On the Kirkus Blog this week, I take a look at Flash Gordon: Zeitgeist, a graphic novel from Dynamite that captures the heyday of pulp in 200 pages.
From the post:
One of the most enduring pulp characters from the 1930’s, Flash Gordon has stayed in the public consciousness through daily strips – translated into many different languages – radio and film serials, multiple cartoons and live-action television shows, novels, comics, and a cult-classic movie. Alex Raymond’s original Sunday comic strip ran from 1934-1943, with other artists taking the reins all the way through 2003. For most people, the 1980’s movie, starring Sam J. Jones as the title character, Melody Anderson as Dale Arden, Topol as Doctor Hans Zarkov, Max von Sydow as Ming, Timothy Dalton as Prince Barin, Brian Blessed as Vultan, and Ornella Muti as Princess Aura, comes to mind when you mention Flash Gordon. But a lot of comic books starring the character have been produced from publishers small and large, including King Comics, Gold Key, Charlton, Marvel, Dark Horse, Ardden Entertainment, and DC – who produced one of my favorite incarnations in the late 80’s. Now, Dynamite has brought the character full circle with Flash Gordon: Zeitgeist (978-1606903339), a throwback to the heady days when pulp was king, and characters were large than life.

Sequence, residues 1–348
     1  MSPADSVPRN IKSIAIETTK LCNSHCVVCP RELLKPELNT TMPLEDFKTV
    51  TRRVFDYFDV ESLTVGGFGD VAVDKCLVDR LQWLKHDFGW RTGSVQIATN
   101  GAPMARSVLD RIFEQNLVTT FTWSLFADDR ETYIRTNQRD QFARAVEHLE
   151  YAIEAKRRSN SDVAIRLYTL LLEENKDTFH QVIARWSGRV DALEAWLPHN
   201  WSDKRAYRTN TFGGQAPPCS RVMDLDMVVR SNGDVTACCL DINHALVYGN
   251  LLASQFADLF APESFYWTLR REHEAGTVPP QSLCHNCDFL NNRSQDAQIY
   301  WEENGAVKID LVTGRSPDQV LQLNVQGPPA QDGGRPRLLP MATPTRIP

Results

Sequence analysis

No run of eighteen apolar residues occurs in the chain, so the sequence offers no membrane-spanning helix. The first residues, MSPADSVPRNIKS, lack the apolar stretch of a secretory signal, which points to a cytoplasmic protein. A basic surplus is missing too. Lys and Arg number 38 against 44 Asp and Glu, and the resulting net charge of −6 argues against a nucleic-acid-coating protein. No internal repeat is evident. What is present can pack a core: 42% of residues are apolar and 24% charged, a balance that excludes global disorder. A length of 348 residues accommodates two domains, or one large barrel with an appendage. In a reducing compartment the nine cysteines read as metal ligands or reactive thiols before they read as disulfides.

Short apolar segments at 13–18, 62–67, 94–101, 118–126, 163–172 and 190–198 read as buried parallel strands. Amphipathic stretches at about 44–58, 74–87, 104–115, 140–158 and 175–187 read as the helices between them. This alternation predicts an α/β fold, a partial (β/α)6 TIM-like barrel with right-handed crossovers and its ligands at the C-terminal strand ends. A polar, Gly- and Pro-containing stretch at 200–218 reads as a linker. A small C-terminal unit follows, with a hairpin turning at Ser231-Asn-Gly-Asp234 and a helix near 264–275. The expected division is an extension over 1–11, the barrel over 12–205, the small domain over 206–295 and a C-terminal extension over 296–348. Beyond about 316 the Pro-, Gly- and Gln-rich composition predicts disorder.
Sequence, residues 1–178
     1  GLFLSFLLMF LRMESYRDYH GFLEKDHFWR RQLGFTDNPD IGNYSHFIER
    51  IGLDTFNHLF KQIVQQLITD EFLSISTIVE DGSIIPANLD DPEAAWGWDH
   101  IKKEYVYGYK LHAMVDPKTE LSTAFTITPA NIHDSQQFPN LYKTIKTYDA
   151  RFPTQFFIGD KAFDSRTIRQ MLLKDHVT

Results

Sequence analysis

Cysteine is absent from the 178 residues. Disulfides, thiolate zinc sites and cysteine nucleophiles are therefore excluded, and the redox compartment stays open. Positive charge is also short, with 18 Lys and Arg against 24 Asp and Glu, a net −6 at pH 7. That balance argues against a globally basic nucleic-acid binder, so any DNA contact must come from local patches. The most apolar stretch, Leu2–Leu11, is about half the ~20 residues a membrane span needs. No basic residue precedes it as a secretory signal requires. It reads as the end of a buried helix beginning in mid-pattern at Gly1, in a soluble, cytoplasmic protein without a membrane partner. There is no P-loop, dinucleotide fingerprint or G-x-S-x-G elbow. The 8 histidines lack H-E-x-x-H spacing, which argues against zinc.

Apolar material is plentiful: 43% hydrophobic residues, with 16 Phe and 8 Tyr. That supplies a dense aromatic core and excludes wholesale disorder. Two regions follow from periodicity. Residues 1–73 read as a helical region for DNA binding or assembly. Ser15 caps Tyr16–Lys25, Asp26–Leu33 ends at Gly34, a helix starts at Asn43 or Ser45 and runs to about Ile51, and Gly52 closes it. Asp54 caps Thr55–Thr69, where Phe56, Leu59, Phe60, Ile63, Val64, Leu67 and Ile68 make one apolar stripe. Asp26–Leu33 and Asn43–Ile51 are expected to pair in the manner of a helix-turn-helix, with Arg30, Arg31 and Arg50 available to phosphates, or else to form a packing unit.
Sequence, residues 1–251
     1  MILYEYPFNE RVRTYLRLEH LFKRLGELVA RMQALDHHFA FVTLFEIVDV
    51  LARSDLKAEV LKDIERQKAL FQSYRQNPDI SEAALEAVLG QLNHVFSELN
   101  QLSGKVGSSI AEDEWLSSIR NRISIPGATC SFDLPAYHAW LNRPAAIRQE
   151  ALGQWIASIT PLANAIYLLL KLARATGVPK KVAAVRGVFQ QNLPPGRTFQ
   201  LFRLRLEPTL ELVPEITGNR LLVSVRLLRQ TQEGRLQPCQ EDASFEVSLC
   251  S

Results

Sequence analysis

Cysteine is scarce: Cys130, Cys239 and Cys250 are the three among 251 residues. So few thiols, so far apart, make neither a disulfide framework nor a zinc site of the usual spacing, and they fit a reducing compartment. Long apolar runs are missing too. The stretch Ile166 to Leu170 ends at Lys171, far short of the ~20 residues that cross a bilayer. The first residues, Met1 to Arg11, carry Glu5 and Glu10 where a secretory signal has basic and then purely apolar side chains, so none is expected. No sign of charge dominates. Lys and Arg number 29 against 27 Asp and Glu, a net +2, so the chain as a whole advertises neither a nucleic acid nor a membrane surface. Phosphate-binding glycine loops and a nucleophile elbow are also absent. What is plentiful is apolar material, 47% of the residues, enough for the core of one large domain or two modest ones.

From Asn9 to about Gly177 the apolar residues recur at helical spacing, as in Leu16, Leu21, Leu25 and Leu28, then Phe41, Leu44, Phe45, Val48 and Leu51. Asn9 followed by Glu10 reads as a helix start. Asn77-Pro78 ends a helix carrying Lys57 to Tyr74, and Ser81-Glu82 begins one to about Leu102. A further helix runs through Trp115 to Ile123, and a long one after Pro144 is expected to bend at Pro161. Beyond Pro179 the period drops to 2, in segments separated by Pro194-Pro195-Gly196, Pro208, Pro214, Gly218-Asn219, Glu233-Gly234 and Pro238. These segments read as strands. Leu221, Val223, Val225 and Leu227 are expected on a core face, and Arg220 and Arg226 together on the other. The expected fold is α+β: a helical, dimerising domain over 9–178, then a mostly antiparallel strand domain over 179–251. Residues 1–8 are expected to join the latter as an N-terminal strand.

Click over to the Kirkus Blog to read the rest of the piece.
I only have the vaguest of memories of the campy Flash Gordon film from 1980, but I do recall not liking it very much. I think the intentional camp was lost on me at the time. Perhaps I should give it another go? I mean, Max von Sydow as Ming the Merciless? How bad could it be?
REVIEW SUMMARY: A mainlined dose of beautifully rendered classic SF.
BRIEF SYNOPSIS: An omnibus of Al Williamson’s spectacular work on Flash Gordon strips and comics.
PROS: Great reproductions, nice format, and a nice surprise.
CONS: None worth complaining about.
BOTTOM LINE: Over 200 pages of retro-sexy fanboy bliss.
The subtitle of this volume is “A Lifelong Vision of the Heroic,” and this book delivers on every page. After an introduction by Groo and MAD cartoonist Sergio Aragones, Mark Schultz gives us the story of how Al Williamson came to be the Flash Gordon illustrator-of-choice in the wake of Alex Raymond. What follows is a breathtaking collection of Williamson’s work from the 50s all the way to 2001.
Not sure why this popped into my head this week, but it’s building up a pressure that can only be released by inflicting it on others. That’s you.
Bonus: Here’s a fan-made video paying tribute to the old Filmation Flash Gordon ‘toon.